According to the Monthly Treasury Statement, the US government reported a deficit of $91.6 billion in October. These figures were lower than the $102 billion deficit expected by economists surveyed by Bloomberg.
Revenues climbed 8.0% YoY to $198.9B (strongest October revenues to date), while outlays fell 4.5% YoY to $290.52.4B. As a consequence, the deficit decreased by 23.6% compared to last year at the same period.
Rising employment, house prices and a payroll tax increase supported receipts while budget cuts combined with lower unemployment-benefit payments restrained outlays. Last month, the Treasury said the shortfall in fiscal 2013 was 4.1 percent of GDP. In the meantime the Congressional Budget Office projected it will decline to 3.3% this fiscal year and 2.1% in 2015.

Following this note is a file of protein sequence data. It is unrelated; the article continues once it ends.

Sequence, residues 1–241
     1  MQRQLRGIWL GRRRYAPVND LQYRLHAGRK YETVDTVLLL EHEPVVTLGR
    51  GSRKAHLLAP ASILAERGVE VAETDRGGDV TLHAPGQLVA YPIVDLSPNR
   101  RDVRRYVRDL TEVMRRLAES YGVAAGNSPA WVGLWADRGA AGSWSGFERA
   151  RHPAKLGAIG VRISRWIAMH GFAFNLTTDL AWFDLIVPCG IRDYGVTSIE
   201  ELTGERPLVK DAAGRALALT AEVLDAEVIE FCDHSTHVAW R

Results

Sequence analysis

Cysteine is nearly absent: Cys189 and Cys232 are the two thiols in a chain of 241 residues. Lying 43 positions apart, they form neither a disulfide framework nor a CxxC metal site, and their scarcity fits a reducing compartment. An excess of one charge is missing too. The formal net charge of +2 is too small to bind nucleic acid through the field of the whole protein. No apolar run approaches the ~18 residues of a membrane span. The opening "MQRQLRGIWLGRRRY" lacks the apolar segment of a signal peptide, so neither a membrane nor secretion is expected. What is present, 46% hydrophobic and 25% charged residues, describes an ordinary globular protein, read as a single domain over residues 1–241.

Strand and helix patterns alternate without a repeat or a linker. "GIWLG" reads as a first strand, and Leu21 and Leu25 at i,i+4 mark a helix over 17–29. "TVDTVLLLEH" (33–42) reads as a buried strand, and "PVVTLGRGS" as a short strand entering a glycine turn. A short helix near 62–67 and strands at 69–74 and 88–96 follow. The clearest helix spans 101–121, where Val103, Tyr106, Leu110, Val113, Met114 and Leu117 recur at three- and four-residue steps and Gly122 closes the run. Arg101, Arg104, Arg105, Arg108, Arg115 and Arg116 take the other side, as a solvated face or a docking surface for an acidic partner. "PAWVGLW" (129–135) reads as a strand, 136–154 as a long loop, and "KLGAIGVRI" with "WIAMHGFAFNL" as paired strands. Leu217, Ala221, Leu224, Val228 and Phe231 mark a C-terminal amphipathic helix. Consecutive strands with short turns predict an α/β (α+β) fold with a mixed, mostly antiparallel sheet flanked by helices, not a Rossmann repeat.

Note that October figures also improved due to a partial government shutdown during the first half of the month which was suspended Oct. 17. The agreement to reopen operations created a House-Senate conference committee with a Dec. 13 deadline to offer ways to resolve the fiscal disputes between the parties.
The October figures offer a 29-member congressional panel a little room to maneuver during talks on government spending for the rest of the fiscal year. House and Senate negotiators met yesterday as part of an effort to write a budget in the coming weeks and were somehow optimistic concerning a potential compromise.